|"What happens in Monaco, |
doesn't necessarily stay in Monaco."
In The Right Stuff, author Tom Wolfe calls Chuck Yeager a “natural-born stick ‘n’ rudder man.” After serving as a combat pilot in World War II, Yeager was trained as a test pilot, and eventually selected for the X-1 project. This project represented one of aviation’s far-flung goals: the chance to break the sound barrier. Many pilots and aeronautical experts worried that the increased buffeting and turbulence that rocked planes as they neared Mach 1 would prove insurmountable. Yeager wanted to prove them wrong.
The X-1 trials were conducted at Muroc, which would later become Edwards Air Force Base. But then it was just a runway in the desert, along with a few shacks and tents. The only nearby amenity was Pancho’s Fly Inn, where the airmen indulged in part of the “Flying & Drinking and Drinking & Driving” mentality of military test pilots. Two nights before his big flight, after knocking back a few drinks, he and his wife saddled up two of Pancho’s horses and went for a moonlight ride. With a test pilot’s intent of demonstrating that “the right stuff” applied to all aspects of one’s life, he rode at full gallop through the Joshua trees.
Then his horse hit a gate.
The next day, he slunk off base to a civilian doctor, who taped up his two broken ribs. The day of the X-1 test, the pain was no less intense. After determining that he could do everything but close his canopy unassisted, Yeager confided in his flight engineer, who fashioned a makeshift lever from a broom handle. He rode up in the B-29 until the launch plane reached the proper altitude. Then he climbed out through the bomb bay, down a ladder into the X-1, hooked up his oxygen, radio, and earphones, and strapped on his helmet. With his new wooden tool, he closed the cockpit. After he told the crew he was ready, the B-29 released the X-1, and Yeager lit up the rocket engines. He made it through the buffeting, and pushed through the sound barrier to reach Mach 1.05.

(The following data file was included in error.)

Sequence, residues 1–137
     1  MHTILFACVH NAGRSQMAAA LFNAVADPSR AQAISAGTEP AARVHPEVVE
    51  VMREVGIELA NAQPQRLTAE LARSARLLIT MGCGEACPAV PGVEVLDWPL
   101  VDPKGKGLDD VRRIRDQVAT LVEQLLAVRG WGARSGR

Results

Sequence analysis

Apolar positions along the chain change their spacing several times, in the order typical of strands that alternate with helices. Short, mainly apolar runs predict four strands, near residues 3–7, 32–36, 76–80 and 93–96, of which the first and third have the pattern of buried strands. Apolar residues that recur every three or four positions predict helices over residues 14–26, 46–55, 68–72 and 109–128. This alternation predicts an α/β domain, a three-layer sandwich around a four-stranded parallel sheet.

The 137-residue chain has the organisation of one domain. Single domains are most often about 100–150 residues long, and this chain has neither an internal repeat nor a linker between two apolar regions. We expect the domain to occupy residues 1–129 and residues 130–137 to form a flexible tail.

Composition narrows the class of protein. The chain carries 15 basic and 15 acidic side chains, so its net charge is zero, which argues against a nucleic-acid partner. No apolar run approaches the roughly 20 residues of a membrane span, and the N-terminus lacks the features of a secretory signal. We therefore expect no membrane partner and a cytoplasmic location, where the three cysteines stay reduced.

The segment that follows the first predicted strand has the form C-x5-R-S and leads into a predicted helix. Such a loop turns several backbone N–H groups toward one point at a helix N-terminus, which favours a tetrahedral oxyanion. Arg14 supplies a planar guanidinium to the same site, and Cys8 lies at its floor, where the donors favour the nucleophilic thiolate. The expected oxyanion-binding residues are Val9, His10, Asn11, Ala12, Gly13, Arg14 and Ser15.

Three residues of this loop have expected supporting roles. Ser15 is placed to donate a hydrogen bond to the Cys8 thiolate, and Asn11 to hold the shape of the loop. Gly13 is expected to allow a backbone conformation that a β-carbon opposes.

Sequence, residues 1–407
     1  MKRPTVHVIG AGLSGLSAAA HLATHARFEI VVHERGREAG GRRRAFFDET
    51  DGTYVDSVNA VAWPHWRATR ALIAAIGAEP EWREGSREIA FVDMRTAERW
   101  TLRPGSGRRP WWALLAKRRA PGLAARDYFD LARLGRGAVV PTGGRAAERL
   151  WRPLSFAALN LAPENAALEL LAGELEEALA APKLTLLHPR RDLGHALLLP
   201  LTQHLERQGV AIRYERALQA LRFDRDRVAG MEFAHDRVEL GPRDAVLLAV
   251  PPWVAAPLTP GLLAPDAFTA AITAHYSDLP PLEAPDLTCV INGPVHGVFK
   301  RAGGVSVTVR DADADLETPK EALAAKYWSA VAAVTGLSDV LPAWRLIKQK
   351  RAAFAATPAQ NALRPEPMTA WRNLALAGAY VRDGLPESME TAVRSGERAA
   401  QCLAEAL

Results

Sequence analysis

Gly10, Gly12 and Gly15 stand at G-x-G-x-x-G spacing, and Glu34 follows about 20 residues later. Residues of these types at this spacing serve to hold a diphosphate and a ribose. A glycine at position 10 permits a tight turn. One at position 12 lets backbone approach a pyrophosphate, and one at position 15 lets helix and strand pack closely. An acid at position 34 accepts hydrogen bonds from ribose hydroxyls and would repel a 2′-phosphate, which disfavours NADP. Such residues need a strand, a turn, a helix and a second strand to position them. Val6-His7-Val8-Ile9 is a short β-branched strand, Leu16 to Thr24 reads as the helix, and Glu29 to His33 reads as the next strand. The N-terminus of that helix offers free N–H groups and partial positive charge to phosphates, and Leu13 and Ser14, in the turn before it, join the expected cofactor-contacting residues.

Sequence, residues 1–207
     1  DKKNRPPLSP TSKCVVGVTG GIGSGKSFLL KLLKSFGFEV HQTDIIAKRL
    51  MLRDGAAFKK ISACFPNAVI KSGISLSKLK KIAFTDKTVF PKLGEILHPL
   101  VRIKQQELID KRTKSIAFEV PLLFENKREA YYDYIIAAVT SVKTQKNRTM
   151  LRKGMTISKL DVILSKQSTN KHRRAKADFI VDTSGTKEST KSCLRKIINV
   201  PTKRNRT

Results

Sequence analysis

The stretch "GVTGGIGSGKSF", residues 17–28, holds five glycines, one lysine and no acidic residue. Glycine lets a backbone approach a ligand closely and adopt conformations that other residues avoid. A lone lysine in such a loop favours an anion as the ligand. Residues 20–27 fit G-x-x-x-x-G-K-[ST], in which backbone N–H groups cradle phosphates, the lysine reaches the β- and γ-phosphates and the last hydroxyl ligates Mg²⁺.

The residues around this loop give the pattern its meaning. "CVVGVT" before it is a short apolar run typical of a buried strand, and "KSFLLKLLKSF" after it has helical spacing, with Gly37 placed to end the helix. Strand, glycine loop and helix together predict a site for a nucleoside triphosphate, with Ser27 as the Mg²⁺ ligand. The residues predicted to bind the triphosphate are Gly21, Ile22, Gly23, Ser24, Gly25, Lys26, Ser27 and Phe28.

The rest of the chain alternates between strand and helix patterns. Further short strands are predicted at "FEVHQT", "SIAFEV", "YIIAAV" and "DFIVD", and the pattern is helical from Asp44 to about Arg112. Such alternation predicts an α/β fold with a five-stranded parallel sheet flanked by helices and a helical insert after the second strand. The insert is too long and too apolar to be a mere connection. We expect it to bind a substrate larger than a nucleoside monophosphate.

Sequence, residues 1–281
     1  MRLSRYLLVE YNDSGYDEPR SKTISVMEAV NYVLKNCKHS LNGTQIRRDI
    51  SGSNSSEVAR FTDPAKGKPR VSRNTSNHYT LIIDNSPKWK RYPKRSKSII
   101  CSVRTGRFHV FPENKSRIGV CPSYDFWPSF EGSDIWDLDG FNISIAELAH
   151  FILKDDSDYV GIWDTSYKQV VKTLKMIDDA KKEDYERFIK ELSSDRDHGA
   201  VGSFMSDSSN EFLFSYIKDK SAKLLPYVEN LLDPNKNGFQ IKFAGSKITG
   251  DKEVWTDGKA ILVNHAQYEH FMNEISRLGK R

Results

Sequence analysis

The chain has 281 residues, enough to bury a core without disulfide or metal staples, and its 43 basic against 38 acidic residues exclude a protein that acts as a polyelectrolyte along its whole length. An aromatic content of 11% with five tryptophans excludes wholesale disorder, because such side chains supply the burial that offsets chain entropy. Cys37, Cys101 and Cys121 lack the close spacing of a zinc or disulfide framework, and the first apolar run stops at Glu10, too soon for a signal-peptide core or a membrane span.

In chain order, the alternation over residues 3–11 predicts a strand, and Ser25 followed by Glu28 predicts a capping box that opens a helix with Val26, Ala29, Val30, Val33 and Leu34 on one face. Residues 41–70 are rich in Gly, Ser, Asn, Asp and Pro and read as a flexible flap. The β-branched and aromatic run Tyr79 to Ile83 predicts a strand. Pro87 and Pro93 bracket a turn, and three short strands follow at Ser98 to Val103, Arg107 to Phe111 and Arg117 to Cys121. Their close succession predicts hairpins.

Similarly, the seven Mercury astronauts believed in blowing off steam after a hard day’s work. Through their friendship with Jim Rothman, a Florida car dealer who had won the 1960 Indianapolis 500, most of them ended up with brand new Corvettes. Wally Schirra got a Maserati, and Scott Carpenter a Shelby Cobra. (John Glenn alone seemed immune to the allure of sports cars). After knocking back a few drinks, the boys unleashed their cars along the dark highways. They never worried whether their performances could measure up with those of professional racecar drivers. They had “the right stuff,” after all!
Much has been made of Kimi Raikkonen’s tendency to let loose after a race, or to celebrate an especially sweet victory. While I would never condone Drinking & Driving, or public displays of drunkenness, everything we do in life induces a certain amount of stress. Whether it is a job of our choosing, or an obligation forced upon us, our bodies, minds, and spirits cannot handle unlimited stress. We must find activities and ways to release that stress. We should also acknowledge that those who face greater trials than us, and who strive for greater goals, also endure greater levels of stress. To paraphrase Mark Shepherd, the character who runs the mining operation on Io in the Sci-Fi movie “Outland,” “these people work hard, and then they play hard.”
But instead of ending this series on Kimi Raikkonen by attempting to justify one aspect of his psyche, I’d rather focus on what he is not known for. He doesn’t have a reputation for excessive blocking, or knocking his fellow competitors off the track. He doesn't go public with details of his salary negotiations. He's never put sensitive team information online. If his team has done something that the FIA (F1's governing body) might find questionable, he doesn’t threaten to inform on them unless the team meets his demands. Nor does he have a history of demanding number one status within a team, or playing Machiavellian games with his teammates.
Kimi Raikkonen may not interact with his engineers the way other drivers do. As Peter Sauber once said, “He demands, to the point of arrogance, to get his own way.” He also has a reputation for partying a little too hard. Some could argue that he might be a multiple world champion had he conducted himself differently. But statistic and records are not the sole determinate of one's greatness. For some people, life isn't just about winning: it's also about what they won't do in order to win.
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